Mayoral Race Forum: Last Chance to Impress Voters Ahead of Election Day - NBC Chicago

Mayoral Race Forum: Last Chance to Impress Voters Ahead of Election Day

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    NEWSLETTERS

    Mayoral Forum: Last Chance to Impress

    It may have been the last, best chance for some of them to impress voters before Election Day. NBC 5's Mary Ann Ahern reports.

    (Published Tuesday, Feb. 19, 2019)

    Election night is exactly one week from Tuesday and never before has there been 14 candidates running for mayor--only two will make it to the April run off.   

    The five candidates squaring off in a forum at WTTW-TV, were more agreeable with one another, yet still draw larger contrasts with the current mayor than their opponents.How will they fund city pensions in need of one billion dollars?

    "A casino is not taxes...that could be $300 million to the city every year," said Gery Chico. "Legalized  marijuana, recreational marijuana... $100 to $150 million.”     

    Lori Lightfoot on the other hand says,"there's no sense of urgency around the way in which we are wasting tax payer dollars. There’s a lot of efficiencies we could ring out of the current system. But the reality is we are going to have to have a conversation about revenue."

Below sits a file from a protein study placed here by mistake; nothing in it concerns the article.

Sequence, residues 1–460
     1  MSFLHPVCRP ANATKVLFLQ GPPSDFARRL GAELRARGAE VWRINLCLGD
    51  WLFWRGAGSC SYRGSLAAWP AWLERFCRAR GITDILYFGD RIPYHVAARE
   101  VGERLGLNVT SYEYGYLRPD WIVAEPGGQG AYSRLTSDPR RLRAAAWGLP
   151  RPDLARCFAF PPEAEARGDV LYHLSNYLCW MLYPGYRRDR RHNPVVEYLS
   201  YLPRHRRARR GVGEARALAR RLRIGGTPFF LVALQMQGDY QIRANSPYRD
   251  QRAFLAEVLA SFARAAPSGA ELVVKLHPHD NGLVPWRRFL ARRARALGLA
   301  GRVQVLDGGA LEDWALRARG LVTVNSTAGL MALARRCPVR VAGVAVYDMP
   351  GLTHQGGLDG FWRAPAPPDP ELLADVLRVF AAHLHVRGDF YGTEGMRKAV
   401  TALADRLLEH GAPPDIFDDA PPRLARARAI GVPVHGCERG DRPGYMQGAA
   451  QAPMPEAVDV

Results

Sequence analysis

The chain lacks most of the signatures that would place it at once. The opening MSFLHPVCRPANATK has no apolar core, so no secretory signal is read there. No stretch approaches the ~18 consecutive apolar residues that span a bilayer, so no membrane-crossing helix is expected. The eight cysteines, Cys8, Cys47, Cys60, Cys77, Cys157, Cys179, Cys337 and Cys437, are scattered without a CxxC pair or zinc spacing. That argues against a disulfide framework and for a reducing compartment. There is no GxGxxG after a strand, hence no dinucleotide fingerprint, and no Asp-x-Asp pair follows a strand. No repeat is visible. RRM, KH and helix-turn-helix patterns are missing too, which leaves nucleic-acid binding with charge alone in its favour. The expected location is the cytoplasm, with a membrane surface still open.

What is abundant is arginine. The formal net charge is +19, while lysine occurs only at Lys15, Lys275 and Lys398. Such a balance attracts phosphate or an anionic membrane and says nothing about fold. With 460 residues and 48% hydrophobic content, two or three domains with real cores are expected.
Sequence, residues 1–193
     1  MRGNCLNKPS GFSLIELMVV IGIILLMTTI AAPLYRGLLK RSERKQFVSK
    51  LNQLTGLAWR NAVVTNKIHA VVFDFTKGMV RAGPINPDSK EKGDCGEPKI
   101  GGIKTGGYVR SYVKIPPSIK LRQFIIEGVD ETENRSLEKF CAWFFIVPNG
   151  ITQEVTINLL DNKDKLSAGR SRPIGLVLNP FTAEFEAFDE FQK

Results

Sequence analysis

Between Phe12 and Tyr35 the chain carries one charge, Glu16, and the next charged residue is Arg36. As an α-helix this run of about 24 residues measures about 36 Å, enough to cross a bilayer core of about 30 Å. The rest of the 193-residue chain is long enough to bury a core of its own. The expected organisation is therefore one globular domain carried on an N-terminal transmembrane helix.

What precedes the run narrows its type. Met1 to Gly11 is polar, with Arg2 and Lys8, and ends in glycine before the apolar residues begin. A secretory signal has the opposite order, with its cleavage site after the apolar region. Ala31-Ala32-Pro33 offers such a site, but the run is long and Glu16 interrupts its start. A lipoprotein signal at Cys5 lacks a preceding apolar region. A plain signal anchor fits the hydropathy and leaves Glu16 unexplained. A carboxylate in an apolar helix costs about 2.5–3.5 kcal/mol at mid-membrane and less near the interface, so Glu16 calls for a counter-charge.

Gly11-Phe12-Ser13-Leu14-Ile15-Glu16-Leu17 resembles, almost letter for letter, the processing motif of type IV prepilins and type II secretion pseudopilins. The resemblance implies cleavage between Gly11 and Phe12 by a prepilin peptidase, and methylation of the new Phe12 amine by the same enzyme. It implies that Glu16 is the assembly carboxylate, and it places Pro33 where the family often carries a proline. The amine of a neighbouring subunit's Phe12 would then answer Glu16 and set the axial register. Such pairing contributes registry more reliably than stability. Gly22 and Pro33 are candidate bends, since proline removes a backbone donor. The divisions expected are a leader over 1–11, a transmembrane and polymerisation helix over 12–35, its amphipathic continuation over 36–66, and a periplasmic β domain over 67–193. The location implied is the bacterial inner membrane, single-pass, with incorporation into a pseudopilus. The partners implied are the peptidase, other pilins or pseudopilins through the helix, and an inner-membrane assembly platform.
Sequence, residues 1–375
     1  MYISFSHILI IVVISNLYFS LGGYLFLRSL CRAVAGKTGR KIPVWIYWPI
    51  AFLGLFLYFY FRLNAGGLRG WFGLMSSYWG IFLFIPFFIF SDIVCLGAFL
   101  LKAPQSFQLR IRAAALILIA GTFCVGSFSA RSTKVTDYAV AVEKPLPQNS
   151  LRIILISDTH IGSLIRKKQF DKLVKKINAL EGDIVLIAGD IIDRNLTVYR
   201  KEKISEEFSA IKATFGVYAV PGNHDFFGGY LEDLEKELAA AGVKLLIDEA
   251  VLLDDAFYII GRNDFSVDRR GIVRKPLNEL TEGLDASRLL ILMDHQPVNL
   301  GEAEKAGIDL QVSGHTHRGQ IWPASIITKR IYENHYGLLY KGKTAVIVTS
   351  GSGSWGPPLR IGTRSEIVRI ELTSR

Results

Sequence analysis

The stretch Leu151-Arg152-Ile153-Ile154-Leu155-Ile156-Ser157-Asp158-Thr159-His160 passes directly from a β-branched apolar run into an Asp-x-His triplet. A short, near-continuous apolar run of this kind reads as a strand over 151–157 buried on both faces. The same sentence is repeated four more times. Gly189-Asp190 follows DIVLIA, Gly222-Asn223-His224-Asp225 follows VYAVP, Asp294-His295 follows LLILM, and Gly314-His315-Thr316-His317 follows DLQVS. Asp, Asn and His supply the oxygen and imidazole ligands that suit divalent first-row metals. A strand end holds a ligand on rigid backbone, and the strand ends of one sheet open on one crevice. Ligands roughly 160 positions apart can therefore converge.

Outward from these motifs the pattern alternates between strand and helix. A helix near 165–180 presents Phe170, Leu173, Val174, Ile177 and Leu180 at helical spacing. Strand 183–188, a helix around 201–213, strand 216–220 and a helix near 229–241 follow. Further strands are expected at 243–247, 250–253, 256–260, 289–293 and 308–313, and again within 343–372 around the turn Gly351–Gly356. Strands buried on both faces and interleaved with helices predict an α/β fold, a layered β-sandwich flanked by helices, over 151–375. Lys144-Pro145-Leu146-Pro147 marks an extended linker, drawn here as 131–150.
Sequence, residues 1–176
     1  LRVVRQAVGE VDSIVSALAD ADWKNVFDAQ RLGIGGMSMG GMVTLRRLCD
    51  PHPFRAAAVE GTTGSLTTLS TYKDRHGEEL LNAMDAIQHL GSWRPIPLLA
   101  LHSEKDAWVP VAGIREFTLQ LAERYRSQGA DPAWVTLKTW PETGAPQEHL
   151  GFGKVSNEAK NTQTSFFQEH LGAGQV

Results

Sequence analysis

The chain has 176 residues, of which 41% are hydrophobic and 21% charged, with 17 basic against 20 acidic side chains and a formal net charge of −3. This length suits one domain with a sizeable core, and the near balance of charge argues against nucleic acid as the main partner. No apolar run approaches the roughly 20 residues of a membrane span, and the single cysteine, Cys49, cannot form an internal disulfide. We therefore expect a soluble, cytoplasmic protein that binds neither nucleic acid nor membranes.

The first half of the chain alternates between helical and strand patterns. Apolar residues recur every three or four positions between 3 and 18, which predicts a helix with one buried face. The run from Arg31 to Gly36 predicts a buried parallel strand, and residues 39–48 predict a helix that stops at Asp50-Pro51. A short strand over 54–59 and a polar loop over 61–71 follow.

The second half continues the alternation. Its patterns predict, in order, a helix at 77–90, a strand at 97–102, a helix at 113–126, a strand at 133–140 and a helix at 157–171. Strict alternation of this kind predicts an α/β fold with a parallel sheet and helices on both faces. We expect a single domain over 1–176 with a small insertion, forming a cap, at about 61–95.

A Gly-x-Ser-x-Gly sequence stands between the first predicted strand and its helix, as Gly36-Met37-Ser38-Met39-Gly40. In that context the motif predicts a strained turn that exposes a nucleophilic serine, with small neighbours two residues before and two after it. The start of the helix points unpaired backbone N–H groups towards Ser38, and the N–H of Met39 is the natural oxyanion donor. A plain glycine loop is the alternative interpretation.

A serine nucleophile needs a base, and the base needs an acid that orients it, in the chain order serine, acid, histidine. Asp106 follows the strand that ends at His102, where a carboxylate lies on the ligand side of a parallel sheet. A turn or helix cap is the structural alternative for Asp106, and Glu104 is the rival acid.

Amara Enyia says she does not support a casino. "I don’t think by the time all of the actors have got their hands into the pot, that it will generate the kind of revenue that we need," she said.These candidates oppose the 'golden parachutes' contracts revealed Tuesday for some of mayor Emanuel's top appointees.

    "It's not ethical at all, it’s typical of what we do here," expressed Garry McCarthy. "We know the financial straights that we’re in, what’s happening is the next mayor, whoever that may be, is getting their hands tied." Moreover, a rally for Toni Preckwinkle took place Tuesday evening at the Chicago Teachers Union.

    Opponents such as Lightfoot and Susana Mendoza, criticized the theme of the event -- questioning why it took  her 6 months to fire her former chief of staff after sexual harassment allegations surfaced.  

    "They've mischaracterized the situation," she said. "As I said, when I had evidence I fired him immediately."

    It had been nearly a month since Preckwinkle took reporters' questions.   

    In a week, Chicagoans will know who will be in the runoff or if there will be a wait until those mail-in votes are counted.

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